Throughout her run for president in 2016, Hillary Rodham Clinton was a pretty frequent visitor to Philadelphia, as part of her ultimately futile quest to win Pennsylvania. The Democratic National Convention, of course, took place at the Wells Fargo Center, and the Democratic nominee, along with her husband, President Barack Obama and Bruce Springsteen, held a mega-rally on Independence Mall on election eve.
Thursday night, a little more than a year after her shocking loss to President Donald Trump, Secretary Clinton returned to Philly for a promotional event at the Academy of Music for her campaign memoir, What Happened. At the event, which was sold-out but not quite full, with an audience about two-thirds female, Clinton was interviewed on-stage by Philly native and best-selling author Jennifer Weiner.
Clinton discussed a lot of the themes that she’s touched on in previous interviews for the book: Overcoming adversity, opposing the Trump Administration, and coming to grips with all of the things that went wrong for her in the 2016 vote.
She also addressed the recent wave of sexual harassment scandals – and even fended off a heckler who taunted her about the debunked "Pizzagate" conspiracy theory.
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Her fiery response to the latter led to, roughly, one of four standing ovations throughout the evening.
“As a person, I’m okay,” Clinton said. “As an American, I’m very concerned.”
She assailed the Republican tax reform bill, which was being debated in the U.S. Senate as she spoke, while also having negative things to say about the President’s temperament and Twitter behavior.
When it came to the forces that she felt contributed to the election result in 2016, Clinton checked off everything from Russian interference to the James Comey letter to an unfair news media to voter suppression efforts. (She didn’t take a lot of the blame herself Thursday, although she admitted she certainly does do so in the book.)
“We got a great vote in Philadelphia,” Clinton said, noting that she had also performed well in Pittsburgh as well as other traditionally Democratic parts of the state. But, she said, her 28-point lead in the Philadelphia suburbs whittled down to the final margin of 13 following the Comey letter, leading to her defeat in the Pennsylvania, and ultimately, the election.
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When it came to sexism and the media, it was Weiner who brought up the elephant in the room, reading out a section of What Happened about the September 2016 Commander-in-Chief Forum on NBC, in which the host separately interviewed both candidates but was notably tougher on Clinton than Trump. That host? Matt Lauer.
“Every day I believe more in karma,” Clinton said to that, referring further to several “men who shaped the narrative” during the campaign who have since been sidelined in the wave of sexual harassment scandals.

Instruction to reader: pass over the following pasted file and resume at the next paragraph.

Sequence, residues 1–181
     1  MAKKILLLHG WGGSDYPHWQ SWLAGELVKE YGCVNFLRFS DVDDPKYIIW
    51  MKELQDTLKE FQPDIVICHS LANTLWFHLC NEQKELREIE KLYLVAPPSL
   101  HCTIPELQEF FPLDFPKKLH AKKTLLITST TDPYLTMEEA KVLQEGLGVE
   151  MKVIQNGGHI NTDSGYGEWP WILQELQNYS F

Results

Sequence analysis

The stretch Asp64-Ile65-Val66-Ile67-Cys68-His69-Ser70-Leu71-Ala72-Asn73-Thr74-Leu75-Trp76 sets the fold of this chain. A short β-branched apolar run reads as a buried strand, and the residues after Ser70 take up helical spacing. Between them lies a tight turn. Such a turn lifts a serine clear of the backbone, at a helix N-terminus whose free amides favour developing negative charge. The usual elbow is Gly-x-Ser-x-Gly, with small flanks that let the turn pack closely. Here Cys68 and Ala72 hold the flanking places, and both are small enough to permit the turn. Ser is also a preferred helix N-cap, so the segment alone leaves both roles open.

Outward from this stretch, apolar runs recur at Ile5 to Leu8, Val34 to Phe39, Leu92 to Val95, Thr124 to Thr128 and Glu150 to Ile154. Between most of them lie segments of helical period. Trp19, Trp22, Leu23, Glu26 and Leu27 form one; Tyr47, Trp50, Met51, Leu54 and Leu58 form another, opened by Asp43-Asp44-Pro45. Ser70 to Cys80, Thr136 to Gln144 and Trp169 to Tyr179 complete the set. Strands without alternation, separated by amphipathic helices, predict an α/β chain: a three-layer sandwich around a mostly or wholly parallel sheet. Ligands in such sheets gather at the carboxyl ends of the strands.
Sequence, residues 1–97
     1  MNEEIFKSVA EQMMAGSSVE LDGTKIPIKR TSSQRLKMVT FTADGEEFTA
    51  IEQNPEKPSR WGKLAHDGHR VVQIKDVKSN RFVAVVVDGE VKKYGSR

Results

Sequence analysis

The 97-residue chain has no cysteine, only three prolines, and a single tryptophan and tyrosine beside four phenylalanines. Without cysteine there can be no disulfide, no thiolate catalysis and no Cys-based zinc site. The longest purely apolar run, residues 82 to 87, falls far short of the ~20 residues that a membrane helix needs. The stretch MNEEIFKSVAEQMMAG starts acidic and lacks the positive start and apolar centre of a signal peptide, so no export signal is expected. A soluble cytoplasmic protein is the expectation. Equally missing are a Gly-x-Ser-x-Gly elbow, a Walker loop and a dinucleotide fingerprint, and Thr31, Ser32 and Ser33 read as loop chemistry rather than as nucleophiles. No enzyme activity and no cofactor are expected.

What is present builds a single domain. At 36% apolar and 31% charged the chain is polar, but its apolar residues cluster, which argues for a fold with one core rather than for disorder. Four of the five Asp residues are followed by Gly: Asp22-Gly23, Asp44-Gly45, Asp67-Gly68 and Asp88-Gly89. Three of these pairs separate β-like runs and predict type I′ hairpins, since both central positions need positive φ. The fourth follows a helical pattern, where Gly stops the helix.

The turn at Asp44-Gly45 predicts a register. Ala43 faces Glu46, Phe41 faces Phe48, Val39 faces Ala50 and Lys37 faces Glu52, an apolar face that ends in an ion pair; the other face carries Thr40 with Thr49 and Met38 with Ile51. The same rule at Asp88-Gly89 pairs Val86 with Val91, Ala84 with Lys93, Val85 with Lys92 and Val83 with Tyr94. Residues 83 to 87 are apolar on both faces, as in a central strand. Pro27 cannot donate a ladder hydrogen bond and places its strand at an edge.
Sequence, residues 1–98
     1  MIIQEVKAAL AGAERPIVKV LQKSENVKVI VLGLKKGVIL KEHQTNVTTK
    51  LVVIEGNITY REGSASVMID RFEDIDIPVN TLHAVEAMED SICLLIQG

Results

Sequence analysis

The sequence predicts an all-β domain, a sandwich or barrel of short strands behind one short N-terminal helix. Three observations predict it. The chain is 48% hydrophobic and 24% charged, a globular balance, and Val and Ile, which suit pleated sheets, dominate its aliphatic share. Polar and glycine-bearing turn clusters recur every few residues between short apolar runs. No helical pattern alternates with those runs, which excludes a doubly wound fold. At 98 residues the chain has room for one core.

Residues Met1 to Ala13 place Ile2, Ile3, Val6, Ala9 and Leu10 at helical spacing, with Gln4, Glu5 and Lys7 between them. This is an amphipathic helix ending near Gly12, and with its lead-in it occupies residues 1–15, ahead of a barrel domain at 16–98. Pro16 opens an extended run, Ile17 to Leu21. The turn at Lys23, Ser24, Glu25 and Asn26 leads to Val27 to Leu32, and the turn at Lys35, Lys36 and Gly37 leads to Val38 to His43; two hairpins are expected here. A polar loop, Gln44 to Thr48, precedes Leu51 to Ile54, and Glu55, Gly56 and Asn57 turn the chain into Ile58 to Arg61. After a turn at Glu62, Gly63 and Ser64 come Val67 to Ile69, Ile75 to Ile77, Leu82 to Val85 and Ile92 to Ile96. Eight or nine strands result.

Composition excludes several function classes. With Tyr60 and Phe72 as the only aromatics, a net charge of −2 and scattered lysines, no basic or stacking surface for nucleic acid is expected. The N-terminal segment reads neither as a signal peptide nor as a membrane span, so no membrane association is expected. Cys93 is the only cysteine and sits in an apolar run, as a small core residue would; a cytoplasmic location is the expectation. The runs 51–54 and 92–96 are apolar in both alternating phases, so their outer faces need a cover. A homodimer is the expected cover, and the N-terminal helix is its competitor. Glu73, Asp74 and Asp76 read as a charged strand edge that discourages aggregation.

“The only way we will get sexism out of politics is to get more women in politics,” she said, adding that she has encouraged many young women to get involved with politics, sometimes by running for office themselves. Clinton also declared that “I resign from being Fox News’ president,” noting the absurdity of personalities on the news network continuing to rail against her for hours each day, even with the election long over and someone else in the White House.
While there were no protesters visible outside the venue, a heckler rose in his upper-deck seat near the end of the event and shouted “Pizzagate is real!,” in reference to the long-ago-debunked conspiracy theory about Clinton and other Democratic leaders supposedly running a child sex ring out of a Washington pizzeria.
The man, who was escorted out of the auditorium and later seen talking with Secret Service agents, was recognized by a PhillyVoice photographer as Howard Caplan, a local man known for holding “Hillary for Prison” and “Pizzagate is Real” signs on Roosevelt Boulevard and at local political events. Caplan has made news for a series of incidents in the last two years, including his storming of the Christmas Mass at The Cathedral Basilica of Saints Peter and Paul last year, and his having been assaulted at a protest demonstration last summer.
Clinton responded to the interruption with a righteous rant against the Pizzagate theory – "This is how deep the rot goes” – which noted that a man had opened fire in the pizzeria while trying to rescue “children” supposedly hidden in the restaurant’s allegedly nonexistent basement.
In addition to politics, Weiner asked Clinton about cooking, her grandchildren, how her Thanksgiving was, and even about whether she looks forward more to taking off makeup or Spanx at the end of a long day.
At one point early in the evening, Clinton launched into an extended coughing fit, the kind of thing that tended to lead to theories during the campaign that the candidate was concealing some sort of illness. Weiner attempted to fill the time by making a self-deprecating joke about her own last name, but knowing that Clinton’s history with a man of that particular surname is what led to the notorious Comey Letter, she may have not found it so funny.
Clinton is something of a divisive figure, and has been such for going on three decades. But with one exception, there was no divided reception Thursday night – among a theater full of people who paid hundreds of dollars to see the first female presidential nominee in Philadelphia one more time.